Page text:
3. 3. 09 Task Areas 102009–2010 AccomplishmentsTexas AgriLife Extension ServiceNew Mexico Cooperative Extension Service AccomplishmentsTask 1 Irrigation District Studies 02Task 2 Irrigation Education and Training 05 Texas AgriLife Extension ServiceTask 3 Institutional Incentives for Efficient Water Use 07 New Mexico Cooperative Extension ServiceTask 4 On-Farm Irrigation System Management 09Task 5 Urban Water Conservation 11Task 6 Environment, Ecology and Water Quality Protection 16Task 7 Saline and Wastewater Management and Water Reuse 21Task 8 Basinwide Hydrology, Salinity Modeling and Technology 252009–2010 County Programs Accomplishments 28Texas and New Mexico2009–2010 AccomplishmentsTexas AgriLife ResearchNew Mexico Agricultural Experiment StationTask 1 Irrigation District Studies 40Task 3 Institutional Incentives for Efficient Water Use 44Task 4 On-Farm Irrigation System Management 48Task 5 Urban Water Conservation 56Task 6 Environment, Ecology and Water Quality Protection 62Task 7 Saline and Wastewater Management and Water Reuse 65Task 8 Basinwide Hydrology, Salinity Modeling and Technology 70Contacts 73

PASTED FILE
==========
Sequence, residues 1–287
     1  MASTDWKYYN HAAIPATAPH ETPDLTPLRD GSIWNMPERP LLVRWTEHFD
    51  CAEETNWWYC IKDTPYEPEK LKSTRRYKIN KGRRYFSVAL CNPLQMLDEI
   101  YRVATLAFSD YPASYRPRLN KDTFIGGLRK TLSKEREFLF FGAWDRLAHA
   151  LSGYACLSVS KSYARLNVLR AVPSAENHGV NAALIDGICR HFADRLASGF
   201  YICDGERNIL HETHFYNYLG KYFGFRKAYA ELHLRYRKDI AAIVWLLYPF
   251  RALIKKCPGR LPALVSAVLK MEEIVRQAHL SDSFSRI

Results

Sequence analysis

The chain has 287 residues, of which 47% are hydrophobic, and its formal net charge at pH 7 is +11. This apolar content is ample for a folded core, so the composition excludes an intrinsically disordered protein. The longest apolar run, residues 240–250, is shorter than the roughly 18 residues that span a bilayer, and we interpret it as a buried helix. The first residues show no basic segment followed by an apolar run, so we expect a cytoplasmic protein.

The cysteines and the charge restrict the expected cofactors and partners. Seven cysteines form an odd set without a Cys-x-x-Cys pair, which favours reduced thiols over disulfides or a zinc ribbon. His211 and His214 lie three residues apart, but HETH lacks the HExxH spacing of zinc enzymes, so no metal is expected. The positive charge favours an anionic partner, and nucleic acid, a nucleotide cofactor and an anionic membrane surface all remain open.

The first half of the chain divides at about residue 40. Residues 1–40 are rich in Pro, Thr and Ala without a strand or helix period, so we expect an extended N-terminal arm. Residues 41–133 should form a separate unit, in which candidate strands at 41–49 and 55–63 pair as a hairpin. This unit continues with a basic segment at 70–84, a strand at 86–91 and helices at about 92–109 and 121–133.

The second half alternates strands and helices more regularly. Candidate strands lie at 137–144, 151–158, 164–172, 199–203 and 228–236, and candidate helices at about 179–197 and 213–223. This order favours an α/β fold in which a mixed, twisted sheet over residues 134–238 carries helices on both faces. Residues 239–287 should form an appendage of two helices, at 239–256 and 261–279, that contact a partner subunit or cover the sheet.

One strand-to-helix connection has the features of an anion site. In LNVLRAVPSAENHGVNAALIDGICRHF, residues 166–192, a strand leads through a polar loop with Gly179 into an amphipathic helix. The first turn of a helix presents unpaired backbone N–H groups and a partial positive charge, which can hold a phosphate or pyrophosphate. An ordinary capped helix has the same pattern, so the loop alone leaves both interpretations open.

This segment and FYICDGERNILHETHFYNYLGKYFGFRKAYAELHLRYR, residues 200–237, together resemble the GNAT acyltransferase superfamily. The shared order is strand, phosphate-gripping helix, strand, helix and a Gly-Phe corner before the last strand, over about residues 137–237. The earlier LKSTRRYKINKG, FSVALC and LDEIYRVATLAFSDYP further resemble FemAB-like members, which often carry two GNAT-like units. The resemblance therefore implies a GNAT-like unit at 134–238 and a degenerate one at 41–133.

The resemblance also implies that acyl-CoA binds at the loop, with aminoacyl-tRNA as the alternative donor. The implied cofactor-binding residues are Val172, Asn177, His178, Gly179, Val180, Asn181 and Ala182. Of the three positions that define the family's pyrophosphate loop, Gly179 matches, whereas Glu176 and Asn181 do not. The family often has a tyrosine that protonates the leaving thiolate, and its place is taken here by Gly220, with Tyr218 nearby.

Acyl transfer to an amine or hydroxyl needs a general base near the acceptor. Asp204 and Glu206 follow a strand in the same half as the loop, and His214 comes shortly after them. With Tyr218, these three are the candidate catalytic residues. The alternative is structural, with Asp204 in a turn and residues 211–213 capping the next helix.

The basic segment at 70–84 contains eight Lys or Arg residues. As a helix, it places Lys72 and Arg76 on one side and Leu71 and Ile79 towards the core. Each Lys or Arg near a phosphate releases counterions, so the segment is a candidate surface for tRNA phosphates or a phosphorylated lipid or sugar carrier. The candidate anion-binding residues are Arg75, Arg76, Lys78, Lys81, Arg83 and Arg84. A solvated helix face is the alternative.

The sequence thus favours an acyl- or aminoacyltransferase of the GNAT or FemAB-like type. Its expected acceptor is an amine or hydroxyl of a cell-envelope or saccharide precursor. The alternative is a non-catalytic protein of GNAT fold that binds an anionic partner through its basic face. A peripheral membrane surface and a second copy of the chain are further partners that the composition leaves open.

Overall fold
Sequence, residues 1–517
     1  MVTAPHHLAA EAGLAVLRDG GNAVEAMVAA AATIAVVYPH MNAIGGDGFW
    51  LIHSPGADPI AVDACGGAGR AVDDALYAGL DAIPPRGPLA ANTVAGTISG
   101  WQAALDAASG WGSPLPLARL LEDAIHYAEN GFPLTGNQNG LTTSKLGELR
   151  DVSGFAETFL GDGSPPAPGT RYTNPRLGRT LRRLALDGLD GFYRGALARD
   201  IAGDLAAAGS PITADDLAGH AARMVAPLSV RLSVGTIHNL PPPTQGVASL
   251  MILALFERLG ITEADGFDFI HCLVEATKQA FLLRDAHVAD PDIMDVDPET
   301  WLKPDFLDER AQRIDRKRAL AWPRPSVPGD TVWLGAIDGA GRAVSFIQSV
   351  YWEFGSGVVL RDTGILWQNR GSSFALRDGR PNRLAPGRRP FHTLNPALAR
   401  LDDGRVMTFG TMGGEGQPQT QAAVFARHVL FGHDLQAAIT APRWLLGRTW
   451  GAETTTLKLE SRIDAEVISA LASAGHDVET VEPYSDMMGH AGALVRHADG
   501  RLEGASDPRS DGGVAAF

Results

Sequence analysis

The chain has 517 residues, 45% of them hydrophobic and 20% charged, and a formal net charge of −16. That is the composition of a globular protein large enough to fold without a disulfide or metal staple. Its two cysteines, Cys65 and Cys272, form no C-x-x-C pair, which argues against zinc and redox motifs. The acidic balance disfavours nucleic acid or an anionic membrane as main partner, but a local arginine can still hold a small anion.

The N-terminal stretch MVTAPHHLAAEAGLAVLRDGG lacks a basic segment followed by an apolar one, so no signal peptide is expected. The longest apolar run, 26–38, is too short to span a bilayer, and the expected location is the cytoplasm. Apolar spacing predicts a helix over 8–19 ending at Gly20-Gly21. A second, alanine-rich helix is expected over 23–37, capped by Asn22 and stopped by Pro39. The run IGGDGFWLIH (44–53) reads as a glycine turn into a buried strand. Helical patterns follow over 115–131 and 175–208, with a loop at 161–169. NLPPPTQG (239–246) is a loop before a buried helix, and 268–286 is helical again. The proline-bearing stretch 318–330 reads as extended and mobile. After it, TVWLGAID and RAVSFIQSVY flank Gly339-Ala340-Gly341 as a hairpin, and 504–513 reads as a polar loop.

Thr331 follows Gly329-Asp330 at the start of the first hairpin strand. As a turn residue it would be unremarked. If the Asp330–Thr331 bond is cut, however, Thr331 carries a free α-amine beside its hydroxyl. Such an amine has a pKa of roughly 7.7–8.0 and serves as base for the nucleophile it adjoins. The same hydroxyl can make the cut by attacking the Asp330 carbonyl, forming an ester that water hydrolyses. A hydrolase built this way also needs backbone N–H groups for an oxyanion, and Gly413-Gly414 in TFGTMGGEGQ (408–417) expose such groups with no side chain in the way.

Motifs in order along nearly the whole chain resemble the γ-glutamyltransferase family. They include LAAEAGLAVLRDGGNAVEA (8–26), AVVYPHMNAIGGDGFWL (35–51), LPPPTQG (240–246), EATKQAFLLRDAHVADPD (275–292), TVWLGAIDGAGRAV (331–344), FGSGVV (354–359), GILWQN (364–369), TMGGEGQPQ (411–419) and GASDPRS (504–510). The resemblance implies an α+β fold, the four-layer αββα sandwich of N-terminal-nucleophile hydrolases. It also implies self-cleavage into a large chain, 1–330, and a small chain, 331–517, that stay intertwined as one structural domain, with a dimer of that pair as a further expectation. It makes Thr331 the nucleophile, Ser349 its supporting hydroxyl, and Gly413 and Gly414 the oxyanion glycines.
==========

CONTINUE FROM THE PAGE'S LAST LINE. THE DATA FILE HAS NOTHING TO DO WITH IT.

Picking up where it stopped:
4. 4. 09 Task 1 Extension10 Irrigation District Studies Irrigation district automation and telemetry demonstrations continue The purpose of this program is to demonstrate to irrigation districts the potential benefits of automation, remote control, and monitoring capabilities, and to implement equipment and technologies ranging from sophisticated, commercial supervisory control and data acquisition (SCADA) systems to less expensive and simpler equipment that can be easily maintained by small districts. Following are specific demonstrations conducted by Texas AgriLife Extension Service engineers at various Texas Rio Grande Basin irrigation districts. based on flows will reduce losses and improve operational efficiency over the current system, which Hidalgo County Irrigation District No. 6: Gate automation demonstration relies on water levels. Online updates displaying flow rates, gate position, and water levels are In 2007, Hidalgo County Irrigation District No. 6 asked the engineering team to help set up an provided through the IDEA Web site in both graphical and numeral charts. The team monitored automatic control system for flood prevention. The project (Phase I) was completed in summer 2008. flows and water levels over an 80-day period and was able to calibrate the gate to within 5 percent, It consisted of commercial-type SCADA equipment and software and continues to work effectively, well within the range needed for canal management. preventing flooding of the surrounding neighborhood during heavy rain events. This year, the district asked for the engineering team’s help to expand the system to include their main canal and two This gate automation demonstration project is the first step in a much larger, overall vision for reservoirs. The team provided assistance on selection and installation of all hardware and electronic United Irrigation District. This single gate will have immediate benefits through real-time decision equipment, system design, and sensor calibration. The reservoir gates were synchronized to open in making and control to improve operation efficiency and reduce costs (estimated at $2,000 per year) accordance to the water level as the emergency gate. The team also made improvements to the user and water use, saving approximately 5 percent of total water allocation (2,800 acre-feet per year). interface on the computer at the district office, which operates and monitors the control system. The control system has improved daily district operations and real-time decision making. Operation costs Map series developed for urbanizing Texas counties have been reduced by about $5,000 per year, and water losses have been reduced by about 10 percent and irrigation districts of the Rio Grande Basin (3,400 acre-feet per year). The engineering team provided five two-hour training sessions with Using aerial photographs and geographic information systems (GIS) analysis, Extension three district employees on operating the gate control software and troubleshooting problems. The professionals mapped the expansion of urbanized areas in all Rio Grande Basin irrigation districts team continued fine-tuning and working with the irrigation districts on troubleshooting naturally over the 10-year period from 1996 to 2006. In some areas, particularly Hidalgo County, districts occurring problems with sensors and equipment in the field. are rapidly urbanizing, resulting in land fragmentation and greatly complicating water delivery, district management, and planning for rehabilitation and maintenance projects. Five regional and Cameron County Irrigation District No. 6: Telemetry demonstration county maps are included in the report, which also show the service areas of 30 irrigation districts Engineers implemented a low-cost flow-monitoring project at the main weir, using a phone line for along the Rio Grande. Large-format maps were also produced for each irrigation district showing communications. This is an entry-level-type project that even the smallest district can afford and will the expansion in urban areas within their service areas. The report and maps will help districts benefit from. This year’s activities focused on training the district manager how to operate, manage, analyze the patterns of urban growth within their districts and plan accordingly for future district and use the system and how to download daily and monthly flow data for use in the district’s analysis rehabilitation projects and changes in district management and water control that will be needed. and reporting. Benefits through information accessibility, real-time decision making, and control can help improve efficiency of operational costs (estimated at $2,000 per year) and water use, saving approximately 5 percent of total water allocation, which is about 2,600 acre-feet per year. VIDRA© continues to assist irrigation districts For several years, the Valley Irrigation District Rate Analyzer (VIDRA©) was customized and revised United Irrigation District’s automatic gate improvements by Extension economists for irrigation district managers’ use to help improve the efficiency of 02 To improve canal management and conveyance efficiency, United Irrigation District had previously their districts. In addition, VIDRA provides a basis for informed decision making and improved 03 communications with their board members. As a result, better financial planning will facilitate installed, under the engineering team’s guidance, a radial gate in place of the original sluice gate irrigation districts’ development of capital rehabilitation sinking funds, which can then be used alone structure. The district also set up a monitoring system to provide real-time data and remote or with state or federal matching funds for infrastructure rehabilitation projects. Further information control of flow and gate operation. This year’s activities focused on improving the user interface on results from this model can be found in the publications list. The VIDRA model efforts are nearly for operation and data monitoring in the district office, training of district personnel, and gate complete. calibration. Gate calibration for flow is significant because it would eliminate the need for a costly and hard-to-maintain open channel flow meter. Moving to a system in which districts are managed